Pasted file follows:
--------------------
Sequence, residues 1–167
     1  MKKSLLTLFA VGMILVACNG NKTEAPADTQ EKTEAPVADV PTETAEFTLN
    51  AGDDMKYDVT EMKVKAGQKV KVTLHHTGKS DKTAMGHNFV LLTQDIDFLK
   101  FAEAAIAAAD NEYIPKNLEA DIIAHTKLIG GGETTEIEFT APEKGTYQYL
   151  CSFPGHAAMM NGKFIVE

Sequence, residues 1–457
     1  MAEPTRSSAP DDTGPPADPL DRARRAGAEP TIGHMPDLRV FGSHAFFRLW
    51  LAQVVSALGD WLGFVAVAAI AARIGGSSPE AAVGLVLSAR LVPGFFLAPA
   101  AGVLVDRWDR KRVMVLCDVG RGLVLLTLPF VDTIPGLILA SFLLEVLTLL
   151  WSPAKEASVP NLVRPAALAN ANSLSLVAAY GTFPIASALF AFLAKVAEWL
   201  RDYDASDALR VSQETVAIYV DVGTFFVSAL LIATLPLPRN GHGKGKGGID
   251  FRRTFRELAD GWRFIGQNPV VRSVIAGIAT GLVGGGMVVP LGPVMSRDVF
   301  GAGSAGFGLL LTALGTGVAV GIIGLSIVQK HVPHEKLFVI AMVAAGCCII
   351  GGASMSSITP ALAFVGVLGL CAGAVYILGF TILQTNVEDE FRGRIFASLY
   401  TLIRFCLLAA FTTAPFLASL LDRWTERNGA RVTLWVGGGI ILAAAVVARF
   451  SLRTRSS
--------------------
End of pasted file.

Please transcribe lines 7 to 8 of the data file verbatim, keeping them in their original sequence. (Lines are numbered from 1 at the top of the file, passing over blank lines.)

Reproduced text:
     1  MAEPTRSSAP DDTGPPADPL DRARRAGAEP TIGHMPDLRV FGSHAFFRLW
    51  LAQVVSALGD WLGFVAVAAI AARIGGSSPE AAVGLVLSAR LVPGFFLAPA